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Ed-Tech Groups to Congress: More Than $5 Billion Needed to Address Internet Access Gaps

Leaders of education technology groups are urging Congress to provide more than $5 billion in funds to help millions of U.S. families access the Internet.

More than 7 million households in the U.S. are currently cut off from Internet access--they both don't have it and can't afford it, according to data presented by John Harrington, CEO of Funds for Learning, during a Zoom webinar Tuesday. Millions more have broadband service in their communities but lack the means to access it, Harrington said.

U.S. Rep. Grace Meng (D-N.Y.) has filed a bill that would provide $2 billion to address these issues, and Sen. Ed Markey (D-Ma.) is planning this week to propose an updated bill with a proposal for double that amount. 

The need is particularly urgent, leaders argued, because some schools may need to maintain remote learning for at least some students this fall to help prevent further spread of COVID-19. "It is important that we do this now so that we can use the summer months to prepare to help get those families connected," said Candice Dodson, executive director of State Educational Technology Directors Association.

Harrington and other advocates believe the federal government should direct $5.25 billion through the existing e-rate program, allowing schools to begin accessing money as early as July.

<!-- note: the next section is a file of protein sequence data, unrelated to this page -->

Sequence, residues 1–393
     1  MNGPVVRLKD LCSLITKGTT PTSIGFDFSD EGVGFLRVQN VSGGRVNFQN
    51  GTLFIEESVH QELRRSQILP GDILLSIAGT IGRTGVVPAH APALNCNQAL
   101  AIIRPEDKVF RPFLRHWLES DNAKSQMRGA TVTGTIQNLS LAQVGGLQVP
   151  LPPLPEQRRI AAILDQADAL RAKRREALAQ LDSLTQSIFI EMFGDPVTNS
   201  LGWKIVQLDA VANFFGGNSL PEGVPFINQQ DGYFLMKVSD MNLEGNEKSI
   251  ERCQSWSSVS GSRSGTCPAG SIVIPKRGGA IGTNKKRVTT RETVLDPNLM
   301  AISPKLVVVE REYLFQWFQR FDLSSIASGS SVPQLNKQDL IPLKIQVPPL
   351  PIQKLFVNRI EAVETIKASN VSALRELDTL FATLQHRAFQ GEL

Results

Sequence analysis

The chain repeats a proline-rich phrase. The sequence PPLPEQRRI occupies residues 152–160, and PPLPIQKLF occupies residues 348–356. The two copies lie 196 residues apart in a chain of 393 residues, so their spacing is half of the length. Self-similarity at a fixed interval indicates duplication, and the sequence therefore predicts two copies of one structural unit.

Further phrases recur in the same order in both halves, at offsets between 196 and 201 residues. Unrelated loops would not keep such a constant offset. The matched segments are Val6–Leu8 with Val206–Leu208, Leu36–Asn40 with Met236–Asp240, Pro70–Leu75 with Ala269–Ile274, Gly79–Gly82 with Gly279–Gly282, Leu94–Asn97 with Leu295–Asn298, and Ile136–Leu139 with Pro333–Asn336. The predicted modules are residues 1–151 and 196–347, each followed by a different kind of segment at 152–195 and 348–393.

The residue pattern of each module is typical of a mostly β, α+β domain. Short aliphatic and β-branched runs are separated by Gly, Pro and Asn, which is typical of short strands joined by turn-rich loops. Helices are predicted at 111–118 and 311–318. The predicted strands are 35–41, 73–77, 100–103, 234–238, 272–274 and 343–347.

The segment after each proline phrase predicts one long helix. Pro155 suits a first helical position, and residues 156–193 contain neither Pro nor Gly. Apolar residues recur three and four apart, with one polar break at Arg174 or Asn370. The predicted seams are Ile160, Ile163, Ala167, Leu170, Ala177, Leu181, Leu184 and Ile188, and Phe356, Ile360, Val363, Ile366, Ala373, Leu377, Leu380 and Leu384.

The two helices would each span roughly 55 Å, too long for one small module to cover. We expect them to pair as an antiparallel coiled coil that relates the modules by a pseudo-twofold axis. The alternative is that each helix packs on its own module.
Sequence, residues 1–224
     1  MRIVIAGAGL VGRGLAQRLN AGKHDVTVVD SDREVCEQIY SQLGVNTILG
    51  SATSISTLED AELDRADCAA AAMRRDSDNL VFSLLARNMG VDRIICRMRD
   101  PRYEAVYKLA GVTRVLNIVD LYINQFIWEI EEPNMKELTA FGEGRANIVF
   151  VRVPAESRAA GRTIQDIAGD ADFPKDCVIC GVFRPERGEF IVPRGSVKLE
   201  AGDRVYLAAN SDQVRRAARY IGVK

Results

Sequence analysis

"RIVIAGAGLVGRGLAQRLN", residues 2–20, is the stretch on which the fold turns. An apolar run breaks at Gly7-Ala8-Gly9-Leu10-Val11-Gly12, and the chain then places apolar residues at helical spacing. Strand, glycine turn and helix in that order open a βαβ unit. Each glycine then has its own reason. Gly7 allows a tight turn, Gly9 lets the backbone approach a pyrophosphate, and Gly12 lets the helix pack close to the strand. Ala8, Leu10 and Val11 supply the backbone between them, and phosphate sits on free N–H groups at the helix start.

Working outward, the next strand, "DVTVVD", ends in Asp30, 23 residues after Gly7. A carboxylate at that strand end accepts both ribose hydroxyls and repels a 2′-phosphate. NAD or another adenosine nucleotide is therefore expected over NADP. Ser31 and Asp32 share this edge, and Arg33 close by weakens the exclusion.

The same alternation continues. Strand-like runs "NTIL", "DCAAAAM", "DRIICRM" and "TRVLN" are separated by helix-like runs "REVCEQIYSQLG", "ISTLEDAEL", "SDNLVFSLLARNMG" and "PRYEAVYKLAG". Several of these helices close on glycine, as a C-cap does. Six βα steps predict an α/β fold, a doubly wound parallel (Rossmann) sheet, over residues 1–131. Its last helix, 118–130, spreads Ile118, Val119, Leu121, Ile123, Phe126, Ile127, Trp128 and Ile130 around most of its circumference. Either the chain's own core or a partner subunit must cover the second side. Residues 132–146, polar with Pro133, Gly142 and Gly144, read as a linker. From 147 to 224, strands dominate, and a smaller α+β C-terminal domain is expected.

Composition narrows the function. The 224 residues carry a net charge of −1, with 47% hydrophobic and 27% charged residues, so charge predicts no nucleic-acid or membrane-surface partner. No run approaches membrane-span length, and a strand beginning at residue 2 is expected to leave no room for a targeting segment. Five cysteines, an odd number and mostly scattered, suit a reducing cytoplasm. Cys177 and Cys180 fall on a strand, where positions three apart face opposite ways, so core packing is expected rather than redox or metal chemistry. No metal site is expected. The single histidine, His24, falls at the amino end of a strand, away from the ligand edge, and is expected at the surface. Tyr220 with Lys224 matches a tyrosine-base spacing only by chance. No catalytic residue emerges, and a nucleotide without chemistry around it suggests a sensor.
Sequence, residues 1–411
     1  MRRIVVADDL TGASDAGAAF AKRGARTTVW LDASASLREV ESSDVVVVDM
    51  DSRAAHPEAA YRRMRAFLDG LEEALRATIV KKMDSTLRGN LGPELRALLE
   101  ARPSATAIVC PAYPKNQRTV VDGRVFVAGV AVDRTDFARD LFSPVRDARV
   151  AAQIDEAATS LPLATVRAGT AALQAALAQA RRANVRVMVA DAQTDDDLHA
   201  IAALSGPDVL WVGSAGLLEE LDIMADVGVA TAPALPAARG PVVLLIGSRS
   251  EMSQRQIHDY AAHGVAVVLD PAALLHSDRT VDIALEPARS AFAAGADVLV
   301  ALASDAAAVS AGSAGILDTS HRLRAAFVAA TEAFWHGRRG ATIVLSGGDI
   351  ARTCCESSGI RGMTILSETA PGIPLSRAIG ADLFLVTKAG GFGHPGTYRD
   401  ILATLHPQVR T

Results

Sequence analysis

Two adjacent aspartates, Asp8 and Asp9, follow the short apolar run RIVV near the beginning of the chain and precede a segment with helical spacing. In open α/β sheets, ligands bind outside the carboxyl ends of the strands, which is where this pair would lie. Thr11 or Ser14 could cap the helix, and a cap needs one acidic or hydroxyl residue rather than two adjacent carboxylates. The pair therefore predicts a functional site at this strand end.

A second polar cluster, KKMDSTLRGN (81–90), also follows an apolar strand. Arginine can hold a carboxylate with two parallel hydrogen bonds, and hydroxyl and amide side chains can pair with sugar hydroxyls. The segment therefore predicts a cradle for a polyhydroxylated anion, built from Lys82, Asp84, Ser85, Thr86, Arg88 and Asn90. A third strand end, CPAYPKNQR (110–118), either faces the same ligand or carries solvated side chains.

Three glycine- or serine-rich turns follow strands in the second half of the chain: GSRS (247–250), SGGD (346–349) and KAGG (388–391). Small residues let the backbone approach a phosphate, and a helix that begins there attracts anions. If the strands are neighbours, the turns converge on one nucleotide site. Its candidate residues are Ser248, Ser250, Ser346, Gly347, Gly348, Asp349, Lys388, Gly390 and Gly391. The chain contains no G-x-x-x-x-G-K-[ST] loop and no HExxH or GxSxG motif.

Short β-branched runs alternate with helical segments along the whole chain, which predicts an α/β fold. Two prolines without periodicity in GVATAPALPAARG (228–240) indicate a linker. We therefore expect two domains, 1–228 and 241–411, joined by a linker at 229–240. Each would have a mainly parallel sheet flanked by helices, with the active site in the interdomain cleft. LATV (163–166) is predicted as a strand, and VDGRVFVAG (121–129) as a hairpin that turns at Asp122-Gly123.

Keith Krueger, CEO of the Consortium of School Networking, wants to see a portion of those funds allocated to cybersecurity measures that address the surge of students and teachers accessing school networks from home.

"We're finding one of the challenges of having students and teachers at home using their own devices and their own networks--often they're distracted by pets or siblings or elderly care. They're clicking on phishing emails at rates industry tells us are ten times higher than just a few months ago," Krueger said.

Ransomware attacks have been on the rise in recent years, and K-12 is widely cited as a vulnerable sector. Those attacks could be more devastating than usual for schools, said Krueger. Ordinarily, losing Internet access temporarily in the school building is inconvenient, but when everyone is learning online, "that same ransomware can go from being an inconvenience to meaning that school is closed," he said. (Read Education Week's recent special report on cybersecurity, and this guide to cybersecurity risks during COVID-19, for more on addressing these threats.)

Harrington's firm, which helps schools and libraries navigate the Federal Communications Commission's e-rate program, estimates that $4.29 billion is needed to provide off-campus Internet connections. Another $1.79 billion is needed to ensure every student has a digital device, and $1.46 billion is needed for cybersecurity support. That amounts to more than $7 billion--$5.25 billion of which would come from new legislation in Congress, and schools would tap into the Education Stabilization Fund afforded by last month's federal stimulus.

The digital divide highlights broader societal inequities as well. A report published this month from the Colorado Futures Center says more than 54,000 school-age children in the state don't have internet access at home. Of those, more than two-thirds are Hispanic, the majority live in low-income households, and more than 50 percent have parents in one of the 12 industries deemed by the governor as essential during the pandemic.

Absent broader solutions, schools have been purchasing wi-fi hotspots for students; establishing parking lots and roving school buses as Internet access points; installing antennas atop school buildings; and partnering with public television stations to share instruction at a distance.


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